Tag Archive - redundancy

Don’t Get Sent to the Department of Redundancy

Today editor Robin Patchen tackles Fatal Flaw #3: Weak Construction. We’ve been examining this flaw all month, looking at the various ways writers stumble into the mire of weak construction through poor word choice and flawed sentence structure, as well as vagueness and bland or clunky dialog. Be sure to read through all these posts to learn how to catch this fatal flaw in your fiction writing!

“We get it.” I type those words often in my clients’ manuscripts. And when I see a lot of redundancy in their books, I’ve been known to simply type “DRD” in the comment box. Department of Redundancy Department—a great Monty Python line.

So many writers fall into this trap. They think of a few different ways to say the same thing, and they really like every one of their choices. They must, because they leave them all in. The quickest way to slow down your manuscript is to be redundant. It’s . . . how shall I say this? Boring. Continue Reading…

Repetition, Redundancy, and Overused Punctuation—Oh My!

We’re continuing our look at Fatal Flaw # 1: Overwriting. Fiction writers often overwrite, and have trouble seeing how this manifests in their prose. Last week we looked at details, and considered how much is too much. This week editor Christy Distler delves into the topics of repetition, redundancy, and excessive punctuation:

The first time I heard the phrase “write tight” was in high school English class. Our teacher returned our short stories and called me to her desk when class ended. “I love your story line,” she said. “But you need to write tighter. I want you to go back through your story and cut out anything that’s repetitive or not necessary. Don’t use an entire paragraph to say what you can say with a sentence or two. And lay off the dashes.”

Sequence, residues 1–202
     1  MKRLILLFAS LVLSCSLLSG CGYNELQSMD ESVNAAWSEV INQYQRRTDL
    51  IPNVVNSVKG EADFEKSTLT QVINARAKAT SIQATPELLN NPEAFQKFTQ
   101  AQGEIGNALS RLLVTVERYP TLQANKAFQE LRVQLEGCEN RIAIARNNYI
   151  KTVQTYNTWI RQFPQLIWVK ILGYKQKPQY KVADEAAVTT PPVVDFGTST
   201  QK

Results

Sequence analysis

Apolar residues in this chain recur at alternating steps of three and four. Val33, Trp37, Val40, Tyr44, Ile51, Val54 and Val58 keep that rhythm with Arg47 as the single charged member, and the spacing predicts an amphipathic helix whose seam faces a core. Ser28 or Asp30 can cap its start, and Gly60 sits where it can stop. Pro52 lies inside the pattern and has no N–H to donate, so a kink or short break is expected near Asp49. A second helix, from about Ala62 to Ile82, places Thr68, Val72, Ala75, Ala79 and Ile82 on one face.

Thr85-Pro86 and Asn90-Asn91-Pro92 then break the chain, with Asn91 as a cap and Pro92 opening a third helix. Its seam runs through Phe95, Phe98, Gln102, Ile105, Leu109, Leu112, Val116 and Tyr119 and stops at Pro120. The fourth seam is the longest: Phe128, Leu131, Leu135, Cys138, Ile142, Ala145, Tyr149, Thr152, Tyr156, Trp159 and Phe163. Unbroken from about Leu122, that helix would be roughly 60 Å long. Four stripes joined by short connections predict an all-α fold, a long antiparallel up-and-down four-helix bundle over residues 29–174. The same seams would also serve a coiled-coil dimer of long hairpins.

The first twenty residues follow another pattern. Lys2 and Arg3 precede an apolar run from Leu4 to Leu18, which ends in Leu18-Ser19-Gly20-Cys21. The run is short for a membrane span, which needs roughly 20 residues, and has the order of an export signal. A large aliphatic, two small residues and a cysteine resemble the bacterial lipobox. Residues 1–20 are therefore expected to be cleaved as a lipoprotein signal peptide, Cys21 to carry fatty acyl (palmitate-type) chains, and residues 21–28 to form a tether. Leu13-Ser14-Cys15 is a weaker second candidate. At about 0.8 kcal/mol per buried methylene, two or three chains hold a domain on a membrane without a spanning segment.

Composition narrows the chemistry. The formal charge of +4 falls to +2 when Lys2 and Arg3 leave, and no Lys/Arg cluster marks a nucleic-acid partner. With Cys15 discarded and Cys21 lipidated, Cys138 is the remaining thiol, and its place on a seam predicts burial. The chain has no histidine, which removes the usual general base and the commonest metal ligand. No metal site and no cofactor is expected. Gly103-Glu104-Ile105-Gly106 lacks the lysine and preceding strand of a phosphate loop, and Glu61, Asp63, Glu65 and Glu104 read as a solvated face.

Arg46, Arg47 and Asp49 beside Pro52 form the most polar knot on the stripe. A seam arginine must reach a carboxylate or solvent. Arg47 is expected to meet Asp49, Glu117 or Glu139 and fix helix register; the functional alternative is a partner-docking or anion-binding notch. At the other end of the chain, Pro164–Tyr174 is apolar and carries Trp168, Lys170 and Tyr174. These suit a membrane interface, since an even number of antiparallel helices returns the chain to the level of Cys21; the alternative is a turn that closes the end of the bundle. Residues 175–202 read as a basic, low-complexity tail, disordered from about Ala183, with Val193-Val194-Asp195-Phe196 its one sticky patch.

I no longer have that short story, nor do I remember the entire story line, but I haven’t forgotten the writing style I’d used. Three of its problems were repetition, redundancy, and overused punctuation. Just what are these three writing faux pas? Continue Reading…

Am I Being Redundant or What?

Well, we all speak in redundancies and think nothing of it. Really–how many of us say “close proximity” or “major breakthrough”? (Is there any such thing as a minor breakthrough? Maybe.) Part of writing efficiently and concisely involves catching redundant or superfluous words that are really not needed. Here are some groups of words where either one or the other will suffice alone:

  • adequate enough
  • paramount importance
  • past history (unless you’re into sci-fi or some branch of quantum mechanics and want to distinguish from future history)
  • plan in advance
  • serious danger (funny to me)
  • total annihilation
  • trained professional
  • want in advance
  • joint cooperation
  • final outcome
  • eliminate altogether

Can you think of some? Maybe if we become aware of these we can get rid of some of these unnecessary habitual customs.